Before this week's thought experiment send us off to explore this enormous question, I thought it might be helpful to read a few basic definitions. Querying Google today gave me:
Art - (noun) the expression or application of human creative skill and imagination, typically in a visual form such as painting or sculpture, producing works to be appreciated primarily for their beauty or emotional power.
Over on the wikipedia entry for art, we see:
Art is a diverse range of human activities and the products of those activities, usually involving imaginative or technical skill.
These broad generalisations sound simple enough, but among philosophers, artists, and critics throughout history, there have been many details to quibble over concerning this subject. After a day spent reading widely-varying thoughts on the definition of art, perhaps the one that makes the most sense came from Theodor Adorno who claimed in 1969:
It is self-evident that nothing concerning art is self-evident.
Let's take a look at the thought experiment now though, and then try to decide what might be evident to an evolutionary philosopher.
Daphne Stone could not decide what to do with her favourite exhibit. As curator of the art gallery, she had always adored an untitled piece by Henry Moore, only posthumously discovered. She admired the combination of its sensuous contours and geometric balance, which together captured the mathematical and spiritual aspects of nature.
At least, that's what she thought up until last week, when it was revealed that it wasn't a Moore at all. Worse, it wasn't shaped by human hand but by wind and rain. Moore had bought the stone to work on, only to conclude that he couldn't improve on nature. But when it was found, everyone assumed that Moore must have carved it.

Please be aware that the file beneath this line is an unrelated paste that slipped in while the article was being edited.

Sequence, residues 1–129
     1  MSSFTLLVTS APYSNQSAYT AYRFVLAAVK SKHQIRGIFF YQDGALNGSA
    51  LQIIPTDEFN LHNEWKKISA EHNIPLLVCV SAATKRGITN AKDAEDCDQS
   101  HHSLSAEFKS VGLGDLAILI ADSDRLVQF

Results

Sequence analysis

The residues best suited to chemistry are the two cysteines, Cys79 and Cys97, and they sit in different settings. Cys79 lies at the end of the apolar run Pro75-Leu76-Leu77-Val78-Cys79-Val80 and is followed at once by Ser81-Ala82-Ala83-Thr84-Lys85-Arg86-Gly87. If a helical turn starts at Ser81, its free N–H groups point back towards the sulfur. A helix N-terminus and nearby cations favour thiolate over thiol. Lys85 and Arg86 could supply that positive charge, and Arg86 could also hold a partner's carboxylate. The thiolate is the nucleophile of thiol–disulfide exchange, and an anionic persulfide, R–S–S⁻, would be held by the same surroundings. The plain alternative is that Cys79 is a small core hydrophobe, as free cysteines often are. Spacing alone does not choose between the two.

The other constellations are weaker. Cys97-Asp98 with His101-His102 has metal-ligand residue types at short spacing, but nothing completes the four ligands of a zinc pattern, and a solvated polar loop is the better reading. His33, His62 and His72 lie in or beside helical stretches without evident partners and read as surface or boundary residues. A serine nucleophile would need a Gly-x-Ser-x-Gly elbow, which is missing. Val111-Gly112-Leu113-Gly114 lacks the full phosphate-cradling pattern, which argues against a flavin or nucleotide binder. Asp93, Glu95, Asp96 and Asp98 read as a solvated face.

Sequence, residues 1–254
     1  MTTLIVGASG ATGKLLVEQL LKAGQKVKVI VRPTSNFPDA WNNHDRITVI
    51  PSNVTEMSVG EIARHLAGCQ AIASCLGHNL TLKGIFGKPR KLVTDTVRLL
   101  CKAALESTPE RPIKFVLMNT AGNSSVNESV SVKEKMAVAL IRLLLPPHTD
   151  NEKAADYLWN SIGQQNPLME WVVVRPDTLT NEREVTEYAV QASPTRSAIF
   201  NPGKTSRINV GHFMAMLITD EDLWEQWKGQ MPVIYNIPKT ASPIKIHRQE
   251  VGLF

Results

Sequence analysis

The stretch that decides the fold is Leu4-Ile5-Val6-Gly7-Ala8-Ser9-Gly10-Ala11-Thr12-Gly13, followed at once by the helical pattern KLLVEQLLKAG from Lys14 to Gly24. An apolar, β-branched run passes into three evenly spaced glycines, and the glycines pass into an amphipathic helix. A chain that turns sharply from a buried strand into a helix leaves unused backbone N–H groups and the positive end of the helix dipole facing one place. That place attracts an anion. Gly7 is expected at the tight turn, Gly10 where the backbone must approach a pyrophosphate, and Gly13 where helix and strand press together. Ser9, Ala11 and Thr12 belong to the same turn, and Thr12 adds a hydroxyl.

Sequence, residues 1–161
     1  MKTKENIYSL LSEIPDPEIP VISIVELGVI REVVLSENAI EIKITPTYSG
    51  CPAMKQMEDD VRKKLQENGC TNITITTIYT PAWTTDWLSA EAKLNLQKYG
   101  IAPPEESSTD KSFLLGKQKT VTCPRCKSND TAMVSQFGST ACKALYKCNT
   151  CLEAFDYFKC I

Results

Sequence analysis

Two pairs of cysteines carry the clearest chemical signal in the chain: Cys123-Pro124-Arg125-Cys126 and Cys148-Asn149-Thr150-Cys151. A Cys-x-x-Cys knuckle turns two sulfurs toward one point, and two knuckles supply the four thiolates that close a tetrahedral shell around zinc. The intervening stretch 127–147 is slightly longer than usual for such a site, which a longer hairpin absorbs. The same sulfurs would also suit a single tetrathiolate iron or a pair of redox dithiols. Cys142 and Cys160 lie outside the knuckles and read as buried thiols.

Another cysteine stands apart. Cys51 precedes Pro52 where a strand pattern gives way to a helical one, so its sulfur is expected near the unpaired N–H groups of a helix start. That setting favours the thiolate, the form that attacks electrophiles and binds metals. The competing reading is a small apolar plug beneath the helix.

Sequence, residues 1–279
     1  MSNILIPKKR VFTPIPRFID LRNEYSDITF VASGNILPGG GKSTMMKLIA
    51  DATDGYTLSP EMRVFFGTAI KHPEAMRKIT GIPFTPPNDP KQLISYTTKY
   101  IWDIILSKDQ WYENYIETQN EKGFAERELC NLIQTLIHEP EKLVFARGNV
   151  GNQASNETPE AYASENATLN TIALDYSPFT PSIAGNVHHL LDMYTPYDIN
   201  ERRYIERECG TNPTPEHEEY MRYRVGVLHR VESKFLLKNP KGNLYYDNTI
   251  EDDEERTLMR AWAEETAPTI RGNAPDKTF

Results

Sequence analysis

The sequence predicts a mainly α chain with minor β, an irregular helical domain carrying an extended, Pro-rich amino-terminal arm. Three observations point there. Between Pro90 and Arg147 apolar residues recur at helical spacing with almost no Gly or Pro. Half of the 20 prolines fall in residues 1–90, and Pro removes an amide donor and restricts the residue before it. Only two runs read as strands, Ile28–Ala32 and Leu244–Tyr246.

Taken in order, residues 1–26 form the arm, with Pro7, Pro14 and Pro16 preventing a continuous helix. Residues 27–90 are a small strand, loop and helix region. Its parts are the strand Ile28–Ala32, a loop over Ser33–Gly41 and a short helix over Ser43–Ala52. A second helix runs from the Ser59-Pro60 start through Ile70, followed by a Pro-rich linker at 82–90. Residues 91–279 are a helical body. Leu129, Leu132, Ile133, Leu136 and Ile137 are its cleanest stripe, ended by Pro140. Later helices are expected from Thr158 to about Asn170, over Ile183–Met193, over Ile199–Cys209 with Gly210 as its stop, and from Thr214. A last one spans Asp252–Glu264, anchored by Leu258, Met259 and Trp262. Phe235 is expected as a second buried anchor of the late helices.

Stone was stunned by the discovery and her immediate reaction was to remove the 'work' from display. But then she realised that this revelation had not changed the stone itself, which still had the qualities she had admired. Why should her new knowledge of how the stone came to be change her opinion of what it is now, in itself?
Baggini, J., The Pig That Wants to Be Eaten, 2005, p. 109.
Seeing this, one would assume that philosophers must have something profound to say about this thought experiment, but they have actually had quite a thin and terrible track record. At least among the 60 major philosophers I profiled in my series on the Survival of the Fittest Philosophers. During all those posts, I found:
- Plato only listed a threefold division of philosophy: metaphysics, ethics, and physics.
- Muhammad decreed a prohibition against creating images of sentient living beings, which is particularly strictly observed with respect to God and the Prophet. Islamic religious art is focused only on words.
- Descartes doesn't mention aesthetics in his view of the nature of philosophy. He thought: Philosophy is like a tree, of which Metaphysics is the root, Physics the trunk, and all the other sciences the branches that grow out of this trunk. By the science of Morals, I understand the highest and most perfect, which, presupposing an entire knowledge of the other sciences, is the last degree of wisdom.
- Rousseau actively disparaged the field. He thought: The arts and sciences have not been beneficial to humankind, because they arose not from authentic human needs but rather as a result of pride and vanity. Moreover, the opportunities they create for idleness and luxury have contributed to the corruption of man.
- Kant marked a slight change in this with his Critique of Judgment, which investigated aesthetics and teleology, but his view was quite clinical. Kant divided the feeling of the sublime into two distinct modes - the mathematical sublime and the dynamical sublime. The mathematical sublime is situated in the failure of the imagination to comprehend natural objects that appear boundless and formless, or that appear absolutely great. This imaginative failure is then recuperated through the pleasure taken in reason's assertion of the concept of infinity. In the dynamical sublime, there is the sense of annihilation of the sensible self as the imagination tries to comprehend a vast might. This power of nature threatens us but through the resistance of reason to such sensible annihilation, the subject feels a pleasure and a sense of the human moral vocation. This appreciation of moral feeling through exposure to the sublime helps to develop moral character.